Today, I am filled with hope. If we can study this living laboratory to unlock the mysteries of what is keeping the coral reef ecosystems in Gardens of the Queen so healthy and resilient, we can gain insights that can guide our hand to restore coral reef ecosystems throughout the Caribbean. Working with our Cuban colleagues, we are preparing an international scientific workshop in the coming year with this very purpose, to learn from this living time machine, one of the last natural coral reef laboratories, to understand what a healthy coral reef ecosystem is supposed to look like and how we can best protect it.
I am hopeful that a spirited collaboration with Cuba helps advance international efforts in restoring the beloved natural heritage of the Caribbean. And I hope that in the not too distant future, we all have a chance to hear underwater shouts of joy.
Readers interested in seeing the author's first encounter with healthy elkhorn coral stands in Cuba may be interested in viewing “Cuba: The Accidental Eden," part of the PBS Nature series.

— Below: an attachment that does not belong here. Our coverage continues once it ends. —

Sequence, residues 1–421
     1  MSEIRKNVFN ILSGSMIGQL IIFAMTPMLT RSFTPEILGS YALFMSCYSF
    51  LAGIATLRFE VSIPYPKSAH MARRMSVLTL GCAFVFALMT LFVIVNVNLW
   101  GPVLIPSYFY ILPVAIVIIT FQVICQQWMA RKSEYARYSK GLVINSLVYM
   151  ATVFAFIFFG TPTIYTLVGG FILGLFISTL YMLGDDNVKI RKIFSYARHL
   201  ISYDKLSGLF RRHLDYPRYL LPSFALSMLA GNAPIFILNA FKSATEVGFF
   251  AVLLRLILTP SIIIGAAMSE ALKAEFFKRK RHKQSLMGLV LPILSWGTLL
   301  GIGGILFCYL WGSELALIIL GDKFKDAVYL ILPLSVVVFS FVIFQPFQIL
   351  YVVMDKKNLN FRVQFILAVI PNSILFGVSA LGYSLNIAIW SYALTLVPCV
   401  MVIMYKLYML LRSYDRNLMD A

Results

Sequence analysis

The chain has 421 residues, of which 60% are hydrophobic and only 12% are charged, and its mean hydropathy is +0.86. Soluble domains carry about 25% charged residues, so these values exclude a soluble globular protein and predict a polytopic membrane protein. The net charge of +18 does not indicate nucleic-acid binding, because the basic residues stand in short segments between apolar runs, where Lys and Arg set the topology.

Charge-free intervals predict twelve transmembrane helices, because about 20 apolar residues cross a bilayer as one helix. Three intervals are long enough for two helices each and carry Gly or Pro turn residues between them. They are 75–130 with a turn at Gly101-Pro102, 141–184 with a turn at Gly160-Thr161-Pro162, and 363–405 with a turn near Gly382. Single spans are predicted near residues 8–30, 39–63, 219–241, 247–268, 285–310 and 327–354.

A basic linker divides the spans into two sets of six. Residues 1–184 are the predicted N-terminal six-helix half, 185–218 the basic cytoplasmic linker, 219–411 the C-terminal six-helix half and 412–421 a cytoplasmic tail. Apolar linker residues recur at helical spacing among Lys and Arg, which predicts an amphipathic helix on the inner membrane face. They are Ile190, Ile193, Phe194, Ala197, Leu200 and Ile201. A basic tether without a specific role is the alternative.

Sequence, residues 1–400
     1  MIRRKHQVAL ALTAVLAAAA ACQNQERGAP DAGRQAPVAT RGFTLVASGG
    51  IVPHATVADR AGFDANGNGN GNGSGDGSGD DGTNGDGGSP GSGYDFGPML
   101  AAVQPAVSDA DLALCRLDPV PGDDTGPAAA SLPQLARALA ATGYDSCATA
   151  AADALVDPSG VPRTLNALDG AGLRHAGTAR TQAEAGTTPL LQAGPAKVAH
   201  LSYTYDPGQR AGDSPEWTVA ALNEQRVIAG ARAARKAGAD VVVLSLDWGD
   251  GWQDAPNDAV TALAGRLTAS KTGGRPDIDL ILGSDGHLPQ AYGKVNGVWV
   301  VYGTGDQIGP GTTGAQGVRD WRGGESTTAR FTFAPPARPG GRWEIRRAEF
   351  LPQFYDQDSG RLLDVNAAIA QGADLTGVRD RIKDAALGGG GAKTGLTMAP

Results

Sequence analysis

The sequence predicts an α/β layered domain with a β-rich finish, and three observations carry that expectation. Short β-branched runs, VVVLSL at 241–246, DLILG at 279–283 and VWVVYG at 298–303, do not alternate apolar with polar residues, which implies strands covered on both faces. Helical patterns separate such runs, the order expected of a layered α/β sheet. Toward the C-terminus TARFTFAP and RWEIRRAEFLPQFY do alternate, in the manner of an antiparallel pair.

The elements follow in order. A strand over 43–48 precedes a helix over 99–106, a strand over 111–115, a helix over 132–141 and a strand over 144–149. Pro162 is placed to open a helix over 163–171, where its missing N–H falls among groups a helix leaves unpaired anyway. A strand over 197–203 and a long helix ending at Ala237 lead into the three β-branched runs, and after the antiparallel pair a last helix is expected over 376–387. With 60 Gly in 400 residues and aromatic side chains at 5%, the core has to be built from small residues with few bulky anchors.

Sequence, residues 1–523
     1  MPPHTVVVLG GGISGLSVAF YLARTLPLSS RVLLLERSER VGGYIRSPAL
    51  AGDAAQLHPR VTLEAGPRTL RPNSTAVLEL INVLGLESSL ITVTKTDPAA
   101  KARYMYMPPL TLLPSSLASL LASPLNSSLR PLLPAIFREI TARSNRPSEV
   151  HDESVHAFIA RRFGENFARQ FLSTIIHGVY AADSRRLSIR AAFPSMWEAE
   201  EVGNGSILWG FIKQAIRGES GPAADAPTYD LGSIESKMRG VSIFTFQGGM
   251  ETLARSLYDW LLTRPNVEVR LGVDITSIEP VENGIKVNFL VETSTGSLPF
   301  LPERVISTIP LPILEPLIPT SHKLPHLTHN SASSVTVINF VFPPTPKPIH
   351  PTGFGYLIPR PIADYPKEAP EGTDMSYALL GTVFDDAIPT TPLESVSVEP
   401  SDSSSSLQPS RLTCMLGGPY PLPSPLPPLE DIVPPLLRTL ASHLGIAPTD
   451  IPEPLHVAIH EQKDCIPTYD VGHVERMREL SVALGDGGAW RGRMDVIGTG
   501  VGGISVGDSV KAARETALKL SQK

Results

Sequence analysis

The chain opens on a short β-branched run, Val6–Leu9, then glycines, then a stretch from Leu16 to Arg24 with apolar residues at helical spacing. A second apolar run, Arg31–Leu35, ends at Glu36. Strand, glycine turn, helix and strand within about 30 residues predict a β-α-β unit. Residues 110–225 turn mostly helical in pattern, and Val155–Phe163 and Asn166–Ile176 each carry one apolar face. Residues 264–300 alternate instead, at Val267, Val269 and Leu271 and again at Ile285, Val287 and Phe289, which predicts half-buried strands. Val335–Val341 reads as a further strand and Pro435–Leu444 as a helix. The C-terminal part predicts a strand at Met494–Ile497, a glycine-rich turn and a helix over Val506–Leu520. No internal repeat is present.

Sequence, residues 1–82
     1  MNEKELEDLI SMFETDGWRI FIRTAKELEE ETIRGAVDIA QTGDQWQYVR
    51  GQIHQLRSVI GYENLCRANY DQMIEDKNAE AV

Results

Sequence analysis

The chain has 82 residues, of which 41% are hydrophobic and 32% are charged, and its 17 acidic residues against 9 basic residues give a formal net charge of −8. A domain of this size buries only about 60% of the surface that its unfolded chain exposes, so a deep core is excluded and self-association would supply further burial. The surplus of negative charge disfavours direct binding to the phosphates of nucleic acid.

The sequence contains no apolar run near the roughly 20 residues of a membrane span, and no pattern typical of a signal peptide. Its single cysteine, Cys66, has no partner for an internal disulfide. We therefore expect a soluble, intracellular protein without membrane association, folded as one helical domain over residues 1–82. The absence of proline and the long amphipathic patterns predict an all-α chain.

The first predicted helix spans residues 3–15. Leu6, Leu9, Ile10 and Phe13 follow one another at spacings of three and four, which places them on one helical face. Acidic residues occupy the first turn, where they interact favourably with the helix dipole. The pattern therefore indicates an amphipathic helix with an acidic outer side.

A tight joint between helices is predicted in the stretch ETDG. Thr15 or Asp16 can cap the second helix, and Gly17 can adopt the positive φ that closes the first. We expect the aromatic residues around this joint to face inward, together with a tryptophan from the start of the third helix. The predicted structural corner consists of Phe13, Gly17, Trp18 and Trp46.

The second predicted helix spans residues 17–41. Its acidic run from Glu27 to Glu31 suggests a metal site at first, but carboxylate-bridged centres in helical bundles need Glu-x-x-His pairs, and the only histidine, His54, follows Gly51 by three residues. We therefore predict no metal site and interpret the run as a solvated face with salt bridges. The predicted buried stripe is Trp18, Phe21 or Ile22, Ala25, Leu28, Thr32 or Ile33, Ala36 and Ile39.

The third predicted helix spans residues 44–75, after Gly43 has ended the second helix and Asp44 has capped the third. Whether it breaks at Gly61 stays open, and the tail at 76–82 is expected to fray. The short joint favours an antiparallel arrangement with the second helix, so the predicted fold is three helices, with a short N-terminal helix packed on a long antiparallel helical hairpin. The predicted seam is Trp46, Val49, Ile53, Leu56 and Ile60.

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As a growing number of states move to pass laws that would criminalize pipeline protests and hit demonstrators with years in prison, an audio recording obtained by The Intercept showed a representative of a powerful oil and gas lobbying group bragging about the industry's success in crafting anti-protest legislation behind closed doors.
Speaking during a conference in Washington, DC in June, Derrick Morgan, senior vice president for federal and regulatory affairs at the American Fuel & Petrochemical Manufacturers (AFPM), touted "model legislation" that states across the nation have passed in recent months.
AFPM represents a number of major fossil fuel giants, including Chevron, Koch Industries and ExxonMobil.